My most memorable Thanksgiving ever was exactly 20 years ago, in 1989, when I was a student at the University of Oregon.
My mother had gotten remarried a few weeks before, so I’d just made the trip home and spent time with all the family. Rather than make the five-hour journey again I decided to stay on campus that year.
Like many out-of-state students, I didn’t know people in the city where I studied - not unless they were connected with the university. A friend who was not leaving town until Friday wrangled a Thanksgiving dinner invitation for the two of us, but after that I was on my own.
All campus services, including the cafeteria, were basically closed down for the four days. So I went to the student union building and tried to take some cash out of the ATM to buy groceries and maybe start my Christmas shopping.
Unfortunately there was a bit of a problem with the ATM machine; it “ate” my card. The way banking worked in those days, the only local businesses that would accept my out-of-state checks were the ones related to the school, and I don’t think I had a credit card at the time.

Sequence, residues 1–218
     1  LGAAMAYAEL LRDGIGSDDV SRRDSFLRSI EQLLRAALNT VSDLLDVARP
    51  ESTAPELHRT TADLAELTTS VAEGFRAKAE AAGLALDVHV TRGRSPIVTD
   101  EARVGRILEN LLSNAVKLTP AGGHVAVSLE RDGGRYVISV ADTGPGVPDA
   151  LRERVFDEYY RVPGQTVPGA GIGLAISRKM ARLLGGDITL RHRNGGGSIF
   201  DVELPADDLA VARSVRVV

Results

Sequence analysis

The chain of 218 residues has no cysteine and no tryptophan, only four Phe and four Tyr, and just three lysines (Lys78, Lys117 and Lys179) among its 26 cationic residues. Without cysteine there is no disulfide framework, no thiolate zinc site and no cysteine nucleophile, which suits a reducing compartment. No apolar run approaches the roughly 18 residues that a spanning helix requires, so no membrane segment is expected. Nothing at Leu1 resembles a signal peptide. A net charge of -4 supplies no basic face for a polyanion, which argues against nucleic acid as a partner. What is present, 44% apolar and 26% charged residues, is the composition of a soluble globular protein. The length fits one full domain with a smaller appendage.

So for the next three days I’d have to find a way to feed and entertain myself alone and with the $5 in my wallet.
There’s a poetry in limitations. I don’t know when I’ve enjoyed a long weekend more.
I went for walks along the river, explored the woods, and sat for hours by the window of my third-floor dorm room looking out at the rain and trees and thinking slow thoughts. I savored the Anne Tyler novel I’d picked up for the occasion – reading a novel instead of a college text being quite the luxury. I spent my $5 on a jar of peanut butter, a loaf of bread, a block of cheese, and apples - filling in the gaps with ramen noodles and tea.
When friends trickled their way back to campus throughout the afternoon on Sunday I was glad to see them. But I had enjoyed my time alone.